I am fearful of so many things. Some of those fear are founded in experience. I am protective of my boys, knowing how easily life can change. Some of those fears are about very large things. What the world will look like in the future. But fear does nothing to change the outcome. And then most of my fears, the ones that are truly holding me back, feel silly. Fear of not being liked. Fear of standing out. Fear of not standing out. Fear of being found a fraud. Fear of not being good enough. Fear of failing. How do I silence those fears? How do I find the courage my son did and open the doors to new experiences and adventure?

There are plenty of tools.  There is thinking about what would occur if the fear was realised and working back from there. As someone who has lost a son, that method is not for me. The wonderful Julie Cross suggests creating a “courage bank”. Do the things that scare you – jump out of a plane, swim with sharks, speak in public, dance, go on stage, ride a roller-coaster – and when you come against fear again, think back to the fears already vanquished and cash in your courage. Others encourage “feel the fear and do it anyway.”  To acknowledge that the fear exists and reframe it as an opportunity.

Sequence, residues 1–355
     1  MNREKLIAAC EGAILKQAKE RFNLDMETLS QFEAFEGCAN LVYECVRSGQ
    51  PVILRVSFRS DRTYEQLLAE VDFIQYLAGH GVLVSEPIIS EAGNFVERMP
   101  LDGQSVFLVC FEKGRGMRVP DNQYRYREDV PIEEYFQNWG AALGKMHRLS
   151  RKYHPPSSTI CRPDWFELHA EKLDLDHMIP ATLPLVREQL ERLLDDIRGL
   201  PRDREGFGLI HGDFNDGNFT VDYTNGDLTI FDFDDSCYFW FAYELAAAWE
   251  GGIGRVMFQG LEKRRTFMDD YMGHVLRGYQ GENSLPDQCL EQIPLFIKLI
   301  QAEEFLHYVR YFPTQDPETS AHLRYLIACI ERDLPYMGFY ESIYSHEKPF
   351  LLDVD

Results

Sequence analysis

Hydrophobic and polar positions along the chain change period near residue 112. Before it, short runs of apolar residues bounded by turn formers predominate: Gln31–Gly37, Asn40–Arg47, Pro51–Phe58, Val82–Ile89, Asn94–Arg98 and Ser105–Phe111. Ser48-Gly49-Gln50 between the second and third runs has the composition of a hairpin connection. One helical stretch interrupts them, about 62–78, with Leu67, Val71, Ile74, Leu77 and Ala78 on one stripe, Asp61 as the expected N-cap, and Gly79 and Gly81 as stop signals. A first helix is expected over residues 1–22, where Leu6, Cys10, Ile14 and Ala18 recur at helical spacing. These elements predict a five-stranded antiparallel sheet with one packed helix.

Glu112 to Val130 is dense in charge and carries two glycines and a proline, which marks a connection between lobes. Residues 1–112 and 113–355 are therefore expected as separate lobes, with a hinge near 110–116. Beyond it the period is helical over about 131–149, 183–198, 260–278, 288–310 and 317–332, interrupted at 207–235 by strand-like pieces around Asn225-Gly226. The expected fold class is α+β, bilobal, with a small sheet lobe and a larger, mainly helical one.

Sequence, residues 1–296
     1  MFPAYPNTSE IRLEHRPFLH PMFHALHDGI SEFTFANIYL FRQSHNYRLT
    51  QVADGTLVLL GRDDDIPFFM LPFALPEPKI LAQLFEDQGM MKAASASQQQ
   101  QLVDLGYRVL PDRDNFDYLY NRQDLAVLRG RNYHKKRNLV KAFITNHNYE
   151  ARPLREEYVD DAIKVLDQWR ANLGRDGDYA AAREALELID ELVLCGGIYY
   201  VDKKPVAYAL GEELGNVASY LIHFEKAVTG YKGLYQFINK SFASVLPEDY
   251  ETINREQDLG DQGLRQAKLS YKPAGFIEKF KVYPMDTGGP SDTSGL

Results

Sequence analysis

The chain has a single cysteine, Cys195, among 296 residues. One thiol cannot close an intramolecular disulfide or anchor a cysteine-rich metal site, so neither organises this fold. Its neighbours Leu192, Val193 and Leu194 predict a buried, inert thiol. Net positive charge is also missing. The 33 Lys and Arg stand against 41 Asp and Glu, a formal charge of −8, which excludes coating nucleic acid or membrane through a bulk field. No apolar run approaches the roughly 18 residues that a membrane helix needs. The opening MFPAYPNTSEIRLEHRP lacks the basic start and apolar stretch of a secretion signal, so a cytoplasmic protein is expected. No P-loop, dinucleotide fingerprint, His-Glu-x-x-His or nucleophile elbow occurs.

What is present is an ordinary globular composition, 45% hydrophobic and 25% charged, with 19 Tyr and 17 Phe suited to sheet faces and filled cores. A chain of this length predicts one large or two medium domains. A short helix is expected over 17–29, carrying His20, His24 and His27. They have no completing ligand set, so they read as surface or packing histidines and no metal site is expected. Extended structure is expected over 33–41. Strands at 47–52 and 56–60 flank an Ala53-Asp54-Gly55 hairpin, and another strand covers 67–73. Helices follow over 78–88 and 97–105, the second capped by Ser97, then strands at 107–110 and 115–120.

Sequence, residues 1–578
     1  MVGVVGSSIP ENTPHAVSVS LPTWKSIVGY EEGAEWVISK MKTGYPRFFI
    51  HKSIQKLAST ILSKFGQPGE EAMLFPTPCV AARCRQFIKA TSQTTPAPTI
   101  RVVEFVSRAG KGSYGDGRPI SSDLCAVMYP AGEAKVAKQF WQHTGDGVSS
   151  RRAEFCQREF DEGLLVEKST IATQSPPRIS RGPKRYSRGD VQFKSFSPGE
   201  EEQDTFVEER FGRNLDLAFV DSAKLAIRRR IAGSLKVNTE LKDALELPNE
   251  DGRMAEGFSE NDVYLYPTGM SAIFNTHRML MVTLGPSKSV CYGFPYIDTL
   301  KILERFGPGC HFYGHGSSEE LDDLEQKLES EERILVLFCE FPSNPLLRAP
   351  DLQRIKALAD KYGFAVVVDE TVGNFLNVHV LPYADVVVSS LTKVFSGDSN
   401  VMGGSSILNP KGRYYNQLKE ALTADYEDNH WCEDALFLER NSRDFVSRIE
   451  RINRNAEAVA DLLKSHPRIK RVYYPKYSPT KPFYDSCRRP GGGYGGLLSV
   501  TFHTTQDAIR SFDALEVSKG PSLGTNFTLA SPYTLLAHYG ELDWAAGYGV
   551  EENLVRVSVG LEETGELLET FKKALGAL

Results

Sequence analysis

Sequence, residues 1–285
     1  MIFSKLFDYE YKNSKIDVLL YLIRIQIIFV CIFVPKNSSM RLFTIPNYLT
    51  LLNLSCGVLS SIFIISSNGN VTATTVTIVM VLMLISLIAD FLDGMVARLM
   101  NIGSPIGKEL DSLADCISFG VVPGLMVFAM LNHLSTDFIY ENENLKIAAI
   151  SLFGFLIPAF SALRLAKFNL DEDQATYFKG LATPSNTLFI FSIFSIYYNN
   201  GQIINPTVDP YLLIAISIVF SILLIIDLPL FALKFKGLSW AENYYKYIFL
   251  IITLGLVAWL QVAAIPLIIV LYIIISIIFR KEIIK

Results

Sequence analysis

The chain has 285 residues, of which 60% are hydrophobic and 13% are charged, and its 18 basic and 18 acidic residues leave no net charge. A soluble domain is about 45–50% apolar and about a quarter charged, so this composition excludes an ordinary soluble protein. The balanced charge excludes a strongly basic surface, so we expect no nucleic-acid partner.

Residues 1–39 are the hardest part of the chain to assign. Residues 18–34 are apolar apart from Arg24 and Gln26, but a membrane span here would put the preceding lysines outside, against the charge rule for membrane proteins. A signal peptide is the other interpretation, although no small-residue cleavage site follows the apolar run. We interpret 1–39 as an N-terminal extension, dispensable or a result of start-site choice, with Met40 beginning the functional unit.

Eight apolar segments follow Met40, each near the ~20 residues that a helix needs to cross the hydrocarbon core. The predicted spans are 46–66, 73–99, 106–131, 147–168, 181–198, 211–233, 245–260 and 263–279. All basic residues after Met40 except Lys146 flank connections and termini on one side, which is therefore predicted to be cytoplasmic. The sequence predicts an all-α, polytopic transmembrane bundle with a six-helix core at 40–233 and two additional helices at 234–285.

I don’t think you can simply dismiss fear. I think you have to work through it, figure out why it exists. Figure out what can defeat it. I know that self-belief will go a long way to counter-acting my particular fears. To that end, I am writing myself affirmations. It might be a bit “woo-woo” but the voice that speaks the doubt is insistent and I need another voice to answer it.

This year, I am going to work hard to get over the fears that are holding me back.

I want to watch my fears dissolve in action and let doubt give way to joy and adventure.

I want to ride the waves.


What fears are you keen to overcome this year?

17 thoughts on “Facing Fear & Winning

  1. Planet Pav says: